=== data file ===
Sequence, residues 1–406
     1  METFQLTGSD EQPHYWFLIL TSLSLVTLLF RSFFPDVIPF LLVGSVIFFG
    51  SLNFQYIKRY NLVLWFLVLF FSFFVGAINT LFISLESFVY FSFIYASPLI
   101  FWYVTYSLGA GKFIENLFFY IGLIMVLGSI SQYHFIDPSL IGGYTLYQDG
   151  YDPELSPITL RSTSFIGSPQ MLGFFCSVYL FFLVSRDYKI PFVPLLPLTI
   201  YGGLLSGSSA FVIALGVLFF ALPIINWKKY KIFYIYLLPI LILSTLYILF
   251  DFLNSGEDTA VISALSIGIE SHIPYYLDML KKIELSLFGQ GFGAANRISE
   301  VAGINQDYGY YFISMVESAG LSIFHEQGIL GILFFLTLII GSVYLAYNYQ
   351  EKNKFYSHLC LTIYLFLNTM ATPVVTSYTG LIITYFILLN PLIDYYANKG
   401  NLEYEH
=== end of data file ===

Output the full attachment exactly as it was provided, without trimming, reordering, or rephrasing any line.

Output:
Sequence, residues 1–406
     1  METFQLTGSD EQPHYWFLIL TSLSLVTLLF RSFFPDVIPF LLVGSVIFFG
    51  SLNFQYIKRY NLVLWFLVLF FSFFVGAINT LFISLESFVY FSFIYASPLI
   101  FWYVTYSLGA GKFIENLFFY IGLIMVLGSI SQYHFIDPSL IGGYTLYQDG
   151  YDPELSPITL RSTSFIGSPQ MLGFFCSVYL FFLVSRDYKI PFVPLLPLTI
   201  YGGLLSGSSA FVIALGVLFF ALPIINWKKY KIFYIYLLPI LILSTLYILF
   251  DFLNSGEDTA VISALSIGIE SHIPYYLDML KKIELSLFGQ GFGAANRISE
   301  VAGINQDYGY YFISMVESAG LSIFHEQGIL GILFFLTLII GSVYLAYNYQ
   351  EKNKFYSHLC LTIYLFLNTM ATPVVTSYTG LIITYFILLN PLIDYYANKG
   401  NLEYEH